Microsoft announced on Wednesday that it will expand its cybersecurity skilling initiative to 23 additional countries. The campaign, which began last year in the U.S., is part of the company’s push to help solve the cybersecurity industry’s growing talent problem, while also helping diversify the industry.
Like many industries within tech, cybersecurity is facing both a workforce shortage and a widening skills gap among workers. According to Kate Behncken, vice president and lead of Microsoft Philanthropies, citing research by Cybersecurity Ventures, by 2025 there will be 3.5 million cybersecurity jobs open globally. Microsoft originally launched the skilling campaign in the U.S. last fall, partnering with 135 community colleges to skill and recruit workers into the cybersecurity industry.
By expanding skilling and training to 23 countries, Microsoft aims to get ahead of the demand. The countries, which include Australia, Brazil, Canada and India, were chosen due to their “elevated cyberthreat risk.”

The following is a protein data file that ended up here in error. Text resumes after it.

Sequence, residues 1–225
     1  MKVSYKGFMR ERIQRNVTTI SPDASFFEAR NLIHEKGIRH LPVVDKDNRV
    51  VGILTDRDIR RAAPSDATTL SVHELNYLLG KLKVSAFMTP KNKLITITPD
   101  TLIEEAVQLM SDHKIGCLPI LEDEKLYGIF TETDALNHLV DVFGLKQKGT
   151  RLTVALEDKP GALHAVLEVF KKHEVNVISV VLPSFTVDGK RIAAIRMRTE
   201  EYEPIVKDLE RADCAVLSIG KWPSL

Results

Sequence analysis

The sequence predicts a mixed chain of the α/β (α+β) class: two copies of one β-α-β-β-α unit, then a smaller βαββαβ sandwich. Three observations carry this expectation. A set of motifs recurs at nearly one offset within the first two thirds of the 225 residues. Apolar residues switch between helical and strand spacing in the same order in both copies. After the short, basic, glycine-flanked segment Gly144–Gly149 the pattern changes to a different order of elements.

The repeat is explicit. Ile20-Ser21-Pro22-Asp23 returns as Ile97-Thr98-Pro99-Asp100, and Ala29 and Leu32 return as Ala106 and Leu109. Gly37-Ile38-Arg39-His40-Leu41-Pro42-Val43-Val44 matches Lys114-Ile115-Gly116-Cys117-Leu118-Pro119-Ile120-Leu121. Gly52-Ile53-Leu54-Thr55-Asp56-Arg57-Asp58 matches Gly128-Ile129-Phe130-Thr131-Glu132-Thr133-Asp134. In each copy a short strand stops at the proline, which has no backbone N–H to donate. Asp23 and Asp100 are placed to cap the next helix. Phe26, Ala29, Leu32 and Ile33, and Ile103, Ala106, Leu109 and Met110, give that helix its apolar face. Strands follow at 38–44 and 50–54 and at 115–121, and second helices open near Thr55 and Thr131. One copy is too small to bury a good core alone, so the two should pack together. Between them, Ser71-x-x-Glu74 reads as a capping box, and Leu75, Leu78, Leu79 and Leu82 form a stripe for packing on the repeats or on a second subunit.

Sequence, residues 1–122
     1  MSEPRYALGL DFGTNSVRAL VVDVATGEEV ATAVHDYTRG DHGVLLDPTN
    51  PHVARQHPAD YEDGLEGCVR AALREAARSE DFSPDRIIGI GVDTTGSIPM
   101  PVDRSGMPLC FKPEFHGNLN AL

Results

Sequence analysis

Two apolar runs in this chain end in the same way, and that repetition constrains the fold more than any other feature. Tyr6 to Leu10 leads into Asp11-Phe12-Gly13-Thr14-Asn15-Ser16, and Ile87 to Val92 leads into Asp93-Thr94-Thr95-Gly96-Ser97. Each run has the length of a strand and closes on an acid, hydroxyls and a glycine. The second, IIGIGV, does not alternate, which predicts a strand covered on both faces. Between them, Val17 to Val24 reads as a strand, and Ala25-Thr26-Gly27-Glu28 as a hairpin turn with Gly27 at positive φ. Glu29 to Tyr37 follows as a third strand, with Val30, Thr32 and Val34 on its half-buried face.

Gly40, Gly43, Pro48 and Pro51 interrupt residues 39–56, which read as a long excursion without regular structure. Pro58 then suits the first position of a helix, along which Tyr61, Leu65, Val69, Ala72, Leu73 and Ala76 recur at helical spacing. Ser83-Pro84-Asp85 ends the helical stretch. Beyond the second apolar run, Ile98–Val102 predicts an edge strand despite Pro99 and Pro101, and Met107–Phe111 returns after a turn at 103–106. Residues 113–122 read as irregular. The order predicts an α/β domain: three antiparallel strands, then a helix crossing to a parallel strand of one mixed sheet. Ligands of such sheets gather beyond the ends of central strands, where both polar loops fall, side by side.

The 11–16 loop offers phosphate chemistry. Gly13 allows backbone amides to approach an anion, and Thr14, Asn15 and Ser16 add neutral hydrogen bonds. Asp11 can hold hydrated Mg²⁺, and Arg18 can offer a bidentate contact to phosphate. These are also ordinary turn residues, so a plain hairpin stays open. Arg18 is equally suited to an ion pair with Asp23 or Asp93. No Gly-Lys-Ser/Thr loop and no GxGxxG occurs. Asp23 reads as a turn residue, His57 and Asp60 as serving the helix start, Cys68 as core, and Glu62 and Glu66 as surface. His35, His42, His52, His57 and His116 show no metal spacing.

The company plans to work with the countries’ local schools, nonprofits, governments and businesses to develop the skilling programs. The goal is to fit the unique needs of each market.
The almost two dozen countries were also identified as markets that have a significant gap in their cybersecurity workforces, unable to keep up with the demand and diversity in the field. “In the countries where we are expanding our campaign, on average, only 17% of the cybersecurity workforce are female,” Behncken wrote in her blog post announcing the news.
Update: This story was updated on Mar 25 to clarify the source of research in open cybersecurity jobs.